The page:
It’ll l be interesting to see if the Celtics feature KG early in the offense, in an attempt to get Stat into foul trouble. Don’t be surprised if D’Antoni nips this by starting Jeffries, Williams or even Turiaf on Garnett, and letting Stoudemire handle Kristic or Jermaine O’Neal. If Shaq suits up, however, all bets are off. In this scenario, Stat would most likely be forced to guard KG, in which case his defensive awareness will have to be as active as it is focused – something he know he’ll be getting in spades at the other end of the floor.

Edge: PUSH



Call this the battle of the platoons. With the status of Shelden Williams (ankle), and Shaquille O’Neal (leg) still uncertain, both teams could be without a key rotation post player for part – if not all – of the series. While trading Kendrick Perkins resulted in a very serious low-post void, Nenad Kristic is a center who actually matches up well with the Knicks on paper, being able to hit the 15-18 footer with relative accuracy while masking a serviceable post game and offensive rebounding prowess that could give the Knicks fits inside.

Obviously, the elephant in the room (that is, the extremely large human being) is Shaquille O’Neal. If he can give Doc Rivers 20 minutes a game – if only to grab boards and clog up the paint – it could force the Knicks to rely even more heavily on their perimeter game. The other option is to roll the dice with a smaller lineup, letting Shaq get his touches down low against a Jeffries or even Stat. That would allow the Knicks to at least make the big fella work to get back in transition, thereby reducing his minutes. One can only hope.




If last Wednesday’s “JV” game proved anything, it’s that the Celtics boast an effective and well-balanced supporting cast – which may eventually include the dangerously pesky Delonte West. True, the Knicks certainly don’t lack punch and pizzazz; TD, Bill Walker and Extra E are all capable of spreading the floor and making big runs even with Melo and / or Stat on the pine. But the Celtic roll players – keyed by an ever-improving Glen Davis, a theoretically healthy West, and newly acquired Swiss army knife Jeff Green – is arguably more balanced, particularly on the defensive end and on the boards. Plus, Green provides a capable defender to throw at Anthony during stretches when Melo’s on the court sans Pierce. Don’t be surprised if a big game from either supporting cast ends up tipping the scales in one of the first few games.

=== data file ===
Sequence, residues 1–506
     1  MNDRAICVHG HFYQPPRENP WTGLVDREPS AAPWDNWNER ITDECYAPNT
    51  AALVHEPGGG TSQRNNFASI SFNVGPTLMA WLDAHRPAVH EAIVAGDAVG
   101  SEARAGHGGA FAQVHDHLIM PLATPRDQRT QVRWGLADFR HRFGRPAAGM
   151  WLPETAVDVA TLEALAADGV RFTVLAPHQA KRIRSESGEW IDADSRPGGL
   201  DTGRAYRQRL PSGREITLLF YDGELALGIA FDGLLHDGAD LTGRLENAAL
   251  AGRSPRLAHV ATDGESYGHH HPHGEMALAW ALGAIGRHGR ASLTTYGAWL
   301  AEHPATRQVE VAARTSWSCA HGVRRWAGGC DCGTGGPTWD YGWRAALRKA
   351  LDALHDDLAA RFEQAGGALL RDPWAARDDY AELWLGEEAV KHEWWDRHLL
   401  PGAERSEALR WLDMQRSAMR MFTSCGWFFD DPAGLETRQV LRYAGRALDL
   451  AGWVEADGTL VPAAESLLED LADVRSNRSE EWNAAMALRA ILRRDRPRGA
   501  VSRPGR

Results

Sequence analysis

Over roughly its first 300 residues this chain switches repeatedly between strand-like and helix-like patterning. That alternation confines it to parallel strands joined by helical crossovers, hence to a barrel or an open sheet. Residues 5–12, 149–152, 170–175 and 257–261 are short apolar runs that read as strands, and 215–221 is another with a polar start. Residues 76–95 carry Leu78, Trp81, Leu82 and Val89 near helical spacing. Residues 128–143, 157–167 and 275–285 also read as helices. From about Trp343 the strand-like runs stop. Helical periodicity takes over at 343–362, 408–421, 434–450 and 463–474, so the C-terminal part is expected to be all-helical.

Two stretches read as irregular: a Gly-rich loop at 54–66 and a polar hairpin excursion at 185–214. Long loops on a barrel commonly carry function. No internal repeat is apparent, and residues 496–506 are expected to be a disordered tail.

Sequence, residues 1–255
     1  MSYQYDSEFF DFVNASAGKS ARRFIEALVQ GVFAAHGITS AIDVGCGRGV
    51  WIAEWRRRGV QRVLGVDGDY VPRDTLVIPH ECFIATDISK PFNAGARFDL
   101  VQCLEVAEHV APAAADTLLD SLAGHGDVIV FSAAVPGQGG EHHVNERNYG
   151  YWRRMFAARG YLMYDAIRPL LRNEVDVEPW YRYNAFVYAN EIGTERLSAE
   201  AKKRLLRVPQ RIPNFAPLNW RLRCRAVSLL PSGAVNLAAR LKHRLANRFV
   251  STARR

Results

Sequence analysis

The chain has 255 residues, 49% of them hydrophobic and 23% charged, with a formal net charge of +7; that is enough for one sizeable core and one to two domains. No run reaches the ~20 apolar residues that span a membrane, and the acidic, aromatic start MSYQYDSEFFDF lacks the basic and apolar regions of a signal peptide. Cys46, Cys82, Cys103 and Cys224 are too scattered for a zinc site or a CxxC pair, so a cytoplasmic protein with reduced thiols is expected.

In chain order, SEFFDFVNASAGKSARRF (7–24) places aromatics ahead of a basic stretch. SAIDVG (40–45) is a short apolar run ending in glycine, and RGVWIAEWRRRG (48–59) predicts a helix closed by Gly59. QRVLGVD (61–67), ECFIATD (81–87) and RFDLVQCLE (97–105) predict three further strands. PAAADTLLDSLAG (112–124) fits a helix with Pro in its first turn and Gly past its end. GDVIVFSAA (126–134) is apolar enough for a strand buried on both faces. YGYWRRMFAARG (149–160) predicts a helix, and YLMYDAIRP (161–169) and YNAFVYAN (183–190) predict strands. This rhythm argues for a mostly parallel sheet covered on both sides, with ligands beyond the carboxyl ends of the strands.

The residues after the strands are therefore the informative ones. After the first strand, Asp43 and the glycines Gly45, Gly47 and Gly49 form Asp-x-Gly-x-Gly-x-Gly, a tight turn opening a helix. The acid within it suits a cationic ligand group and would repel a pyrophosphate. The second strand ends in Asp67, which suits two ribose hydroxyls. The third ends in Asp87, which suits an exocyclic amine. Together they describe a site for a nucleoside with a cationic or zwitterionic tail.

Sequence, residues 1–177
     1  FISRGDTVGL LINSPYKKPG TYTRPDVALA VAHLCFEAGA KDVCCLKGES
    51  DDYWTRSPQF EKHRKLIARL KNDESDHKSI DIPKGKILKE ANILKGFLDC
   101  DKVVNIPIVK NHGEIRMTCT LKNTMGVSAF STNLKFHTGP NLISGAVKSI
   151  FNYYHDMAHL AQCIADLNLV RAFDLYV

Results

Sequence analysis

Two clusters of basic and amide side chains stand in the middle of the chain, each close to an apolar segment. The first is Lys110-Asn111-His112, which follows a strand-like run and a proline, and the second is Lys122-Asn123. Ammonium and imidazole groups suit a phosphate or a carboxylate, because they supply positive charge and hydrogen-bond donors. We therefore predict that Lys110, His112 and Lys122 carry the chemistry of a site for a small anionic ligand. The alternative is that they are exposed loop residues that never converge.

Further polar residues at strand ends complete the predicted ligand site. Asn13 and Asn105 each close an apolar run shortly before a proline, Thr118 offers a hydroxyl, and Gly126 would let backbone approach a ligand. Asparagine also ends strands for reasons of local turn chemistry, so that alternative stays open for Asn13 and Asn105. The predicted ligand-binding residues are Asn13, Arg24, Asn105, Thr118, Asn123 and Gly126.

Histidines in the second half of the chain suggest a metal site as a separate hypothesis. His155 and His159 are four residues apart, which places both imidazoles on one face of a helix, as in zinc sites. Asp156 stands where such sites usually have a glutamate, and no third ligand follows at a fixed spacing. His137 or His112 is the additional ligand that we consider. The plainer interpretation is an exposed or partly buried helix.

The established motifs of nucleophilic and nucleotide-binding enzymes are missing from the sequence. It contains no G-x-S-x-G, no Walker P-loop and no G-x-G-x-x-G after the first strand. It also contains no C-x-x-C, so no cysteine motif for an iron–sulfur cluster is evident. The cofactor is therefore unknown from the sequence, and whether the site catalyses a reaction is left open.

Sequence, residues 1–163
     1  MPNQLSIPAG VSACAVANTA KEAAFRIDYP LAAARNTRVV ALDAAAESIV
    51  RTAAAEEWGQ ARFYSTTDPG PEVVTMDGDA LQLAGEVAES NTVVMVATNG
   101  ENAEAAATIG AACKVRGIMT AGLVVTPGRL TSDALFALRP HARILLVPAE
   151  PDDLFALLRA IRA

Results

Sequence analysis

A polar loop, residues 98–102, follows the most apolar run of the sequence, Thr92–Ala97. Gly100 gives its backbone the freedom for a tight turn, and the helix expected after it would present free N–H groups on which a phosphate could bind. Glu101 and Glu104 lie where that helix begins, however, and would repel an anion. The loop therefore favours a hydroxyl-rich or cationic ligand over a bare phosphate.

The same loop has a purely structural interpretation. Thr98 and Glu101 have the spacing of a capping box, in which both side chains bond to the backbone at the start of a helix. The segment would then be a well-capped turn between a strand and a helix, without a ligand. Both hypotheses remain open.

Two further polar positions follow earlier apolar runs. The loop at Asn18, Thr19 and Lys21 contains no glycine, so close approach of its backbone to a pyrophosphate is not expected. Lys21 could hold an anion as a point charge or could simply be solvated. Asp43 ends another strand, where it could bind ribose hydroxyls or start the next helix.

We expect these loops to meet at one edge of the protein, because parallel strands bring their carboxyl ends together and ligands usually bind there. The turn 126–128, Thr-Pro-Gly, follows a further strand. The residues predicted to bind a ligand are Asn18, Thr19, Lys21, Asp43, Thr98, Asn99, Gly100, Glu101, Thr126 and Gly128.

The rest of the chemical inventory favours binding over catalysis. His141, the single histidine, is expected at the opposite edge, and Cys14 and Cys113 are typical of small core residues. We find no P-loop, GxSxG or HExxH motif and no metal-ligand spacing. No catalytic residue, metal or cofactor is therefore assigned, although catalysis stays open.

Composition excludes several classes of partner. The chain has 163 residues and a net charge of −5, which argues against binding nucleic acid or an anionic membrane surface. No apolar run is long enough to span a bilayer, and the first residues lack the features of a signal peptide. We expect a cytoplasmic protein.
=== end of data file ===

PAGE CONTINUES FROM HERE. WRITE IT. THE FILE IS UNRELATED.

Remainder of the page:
Both played point guard. And that’s pretty much where the similarities end between these two equally well-respected but very different coaches. While Glenn “Doc” Rivers gritted out a serviceable NBA career (which included a two year stint with the Knicks from ’92 to ‘94), Mike D’Antoni, cut his teeth in the Italian League. Like the teams he played for, Doc’s philosophy has always been defense first, and patient, disciplined half-court offensive sets second. Mike D’Antoni’s mid-decade Suns teams, meanwhile, made Don Nelson look like Larry Brown. One has no problem calling out his players by name, in the media, or at very high volume during games; the other has drawn criticism for his decided lack of communicative savvy and unwillingness to tread on egos.

Much will depend on which is better able to exert their will and style on the other over longer stretches. The Knicks have shown at various points during the season series that they can get the Celtics into a track meet. But for the most part Rivers has been able to reign in his steeds, either with key stretches of lock-down defense, or with deft timeouts (one of Doc’s underrated skills).

If there’s one thing that the Knicks learned during their last meeting on March 21st — when they led by as many as 14 in the second half —  it’s that no lead is safe against a team as savvy, poised, and battle-tested as these Boston Celtics.



The Prediction: KNICKS IN 6

They have the titles. They have the experience. They have the tradition. They have the home court.They have Vegas. They have Simmons. They have the defense. They have the depth. They have our number.

But we got the swag.